What does bind things together is a kind of bird’s nest framework of memory linking now to then, and then to some other experience, and so on; but this is not all that useful. For one thing these linkages are loose – what they provide is the kind of tangled and ad hoc unity the cables behind my stereo have achieved unbidden – and they are fallible, not part of the essence of consciousness. I see nothing absurd about the idea of my  having moments of consciousness which are neither remembered nor involve remembering.

Yet even so I find it intuitively impossible to abandon the idea of some unity somewhere, even if I can’t quite put my finger on it at the moment. Things would be so much easier if we didn’t exist, but there we are.


The Observer has a discussion between Tallis and Eagleman, Eagleman representing neural reductionism and Tallis speaking for a more traditional view of mind and brain.

Although it’s worth reading, it turns out a slightly inconclusive encounter. Perhaps on this occasion you’d give Tallis a points victory because he does seem to be looking for a fight, whereas Eagleman is in rather cautious form. They circle each other but never quite identify a proposition which sums up their disagreement clearly enough to get things going.

What seems to emerge is a kind of agreement that mental activity needs to be addressed on more than one level of explanation, with the two antagonists merely giving a different balance of emphasis. This certainly understates the real disagreement between the two.

I think it probably is the case that nearly everyone grants the need for more than one level of explanation. There are those who would say the correct top level is the cosmos itself and that individual consciousness expresses a universal entity.  Not quite as high-level as that we surely need to address consciousness on the level of its explicit and social content; we could call this the ‘home’ level because it is sort of where we live, where we actually experience the world. Most would agree that there are levels of unconscious operation that are also a necessary part of the picture; not many people would say that the structure of the brain and its component neurons tell us nothing; and a majority nowadays would agree that there is ultimately a story at the classical molecular level which, though vastly complex, cannot  be ignored. Some say even this is not enough and that consciousness cannot be understood without giving quantum mechanics, or some as-yet-unknown lower level theory, a crucial role.

Only a very hard-line reductionist would say we only need one of these levels: it’s generally accepted that there are interesting things to be said on several of them which simply cannot be addressed at other levels. What mainly emerges here is Tallis’ defence of the ‘home’ level against Eagleman’s contention that we pay it too much attention and that for many purposes, including our treatment of crime and punishment, we should dethrone it. Intuitively, the motives for Tallis’ incredulity are pretty clear: wouldn’t it be weird if we had developed the apparatus of thought and consciousness and yet it had no important impact on our behaviour? Don’t we just know that discussion and conscious thought ultimately shape what we do, even if our behaviour is sometimes nudged in different directions by factors we’re not aware of?

Yet there is something deeply unsatisfactory about the whole idea of different levels of explanation, isn’t there? How can one reality require half-a-dozen different accounts? It seems a distressingly messy and arbitrary kind of way for the world to be set up, and certainly we greet any successful reduction of higher level entities to lower level ones as a valuable explanatory achievement. So it’s not hard to sympathise with Eagleman’s desire to emphasise the role of levels below consciousness either.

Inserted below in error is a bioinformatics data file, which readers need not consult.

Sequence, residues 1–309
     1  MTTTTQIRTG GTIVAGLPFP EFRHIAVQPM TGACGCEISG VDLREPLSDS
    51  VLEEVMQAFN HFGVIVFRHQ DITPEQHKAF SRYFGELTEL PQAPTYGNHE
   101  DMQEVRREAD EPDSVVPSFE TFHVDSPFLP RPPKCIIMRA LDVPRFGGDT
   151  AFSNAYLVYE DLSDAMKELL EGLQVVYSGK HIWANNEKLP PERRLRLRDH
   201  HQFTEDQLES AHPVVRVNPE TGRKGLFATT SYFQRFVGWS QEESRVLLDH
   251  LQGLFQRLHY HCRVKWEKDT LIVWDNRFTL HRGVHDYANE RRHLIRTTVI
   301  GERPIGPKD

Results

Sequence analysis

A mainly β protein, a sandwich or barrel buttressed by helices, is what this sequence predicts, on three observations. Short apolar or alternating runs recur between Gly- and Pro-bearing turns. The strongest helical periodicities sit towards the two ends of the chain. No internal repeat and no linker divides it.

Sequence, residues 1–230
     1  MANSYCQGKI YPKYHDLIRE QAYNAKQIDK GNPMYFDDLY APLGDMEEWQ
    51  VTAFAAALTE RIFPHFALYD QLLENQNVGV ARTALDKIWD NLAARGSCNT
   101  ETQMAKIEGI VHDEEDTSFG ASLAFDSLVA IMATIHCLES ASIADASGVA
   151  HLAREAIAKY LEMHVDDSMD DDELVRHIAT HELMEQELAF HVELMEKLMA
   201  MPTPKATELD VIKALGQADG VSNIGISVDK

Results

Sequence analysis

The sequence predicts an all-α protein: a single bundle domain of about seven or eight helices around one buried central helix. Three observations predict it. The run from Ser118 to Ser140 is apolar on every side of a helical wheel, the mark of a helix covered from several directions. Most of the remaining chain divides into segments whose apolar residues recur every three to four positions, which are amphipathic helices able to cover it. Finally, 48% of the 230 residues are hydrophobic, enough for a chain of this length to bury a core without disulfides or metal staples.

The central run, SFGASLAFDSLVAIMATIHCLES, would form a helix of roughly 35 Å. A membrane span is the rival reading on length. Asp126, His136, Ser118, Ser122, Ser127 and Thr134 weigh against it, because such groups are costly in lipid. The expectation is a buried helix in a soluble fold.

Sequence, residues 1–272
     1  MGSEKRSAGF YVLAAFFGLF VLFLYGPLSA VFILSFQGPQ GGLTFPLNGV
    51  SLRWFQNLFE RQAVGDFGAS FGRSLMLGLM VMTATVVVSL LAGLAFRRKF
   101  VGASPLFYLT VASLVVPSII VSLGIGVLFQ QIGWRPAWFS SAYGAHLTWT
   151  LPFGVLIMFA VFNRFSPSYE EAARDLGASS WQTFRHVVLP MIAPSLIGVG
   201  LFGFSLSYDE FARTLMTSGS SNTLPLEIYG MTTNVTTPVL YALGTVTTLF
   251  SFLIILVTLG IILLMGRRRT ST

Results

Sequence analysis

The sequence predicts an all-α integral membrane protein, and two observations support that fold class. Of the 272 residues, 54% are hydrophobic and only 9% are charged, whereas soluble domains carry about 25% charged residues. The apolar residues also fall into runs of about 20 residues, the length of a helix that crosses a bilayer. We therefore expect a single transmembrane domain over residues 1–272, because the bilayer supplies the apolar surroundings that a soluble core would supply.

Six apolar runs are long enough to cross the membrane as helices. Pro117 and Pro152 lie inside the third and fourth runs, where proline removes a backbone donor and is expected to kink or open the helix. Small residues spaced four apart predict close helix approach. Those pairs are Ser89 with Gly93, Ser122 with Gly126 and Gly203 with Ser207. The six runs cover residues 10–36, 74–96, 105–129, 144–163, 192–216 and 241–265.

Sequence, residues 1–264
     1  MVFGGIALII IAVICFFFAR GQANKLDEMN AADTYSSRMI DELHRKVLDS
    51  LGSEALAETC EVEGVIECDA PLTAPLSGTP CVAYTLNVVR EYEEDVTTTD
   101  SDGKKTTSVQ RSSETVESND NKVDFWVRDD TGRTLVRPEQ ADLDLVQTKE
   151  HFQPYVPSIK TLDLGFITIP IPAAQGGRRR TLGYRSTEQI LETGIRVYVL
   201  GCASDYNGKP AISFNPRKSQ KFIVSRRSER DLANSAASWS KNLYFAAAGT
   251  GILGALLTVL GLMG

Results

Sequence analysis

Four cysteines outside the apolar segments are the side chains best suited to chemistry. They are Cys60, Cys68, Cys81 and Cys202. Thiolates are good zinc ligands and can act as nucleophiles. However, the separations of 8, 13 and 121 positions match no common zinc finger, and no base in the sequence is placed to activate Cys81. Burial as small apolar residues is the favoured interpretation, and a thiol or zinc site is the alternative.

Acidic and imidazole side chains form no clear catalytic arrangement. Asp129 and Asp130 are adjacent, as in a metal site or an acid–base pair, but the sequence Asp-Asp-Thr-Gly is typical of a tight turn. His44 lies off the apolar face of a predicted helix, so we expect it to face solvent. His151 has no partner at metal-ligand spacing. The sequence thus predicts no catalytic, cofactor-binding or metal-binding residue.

Generally speaking it seems that the lower the level of our explanation the better, as though ultimate reality resides at the lowest micro level we can get to. We always celebrate reductions, not elaborations. Yet there have been some rebellious attempts to push things the other way through ideas such as emergence and embodiment, which claim the whole can be more important than the parts. I notice myself that things seem to come most clearly into focus at or slightly below the home level: if we go far above or below that we start to get into regions where we have to deal in probabilities or slightly fuzzy concepts. Most notably there don’t seem to be identities at other levels in quite the sharp way there are on the home level. Even molecules are interchangeable: they tell us that it’s almost certain we’re breathing at least one atom from the oxygen previously breathed by Julius Caesar, but how could you possibly tell? You can’t label an atom. Another one of the same kind is distinguishable only by where it is. When we go further down even spatial positions start to get a bit smudged. Equally if we start going up the chain we can only draw slightly fuzzy conclusions about what my family, or the society I live in, thinks or does. This might be a reason to think that real reality is around the home level – or it might a reason to think that the whole business of levels simply flows from my restricted viewpoint and limited understanding.

Perhaps, if my brain were capable of holding it, there is a view on which all the levels could come together. After all, I go on thinking about temperature even though I know it is only molecular motion: perhaps in the end we’ll find a way of thinking about the different aspects of mental activity which brings them together without eliminating anything. Perhaps then it might become clear that Eagleman and Tallis don’t really disagree at all. I wouldn’t put any money on that, though.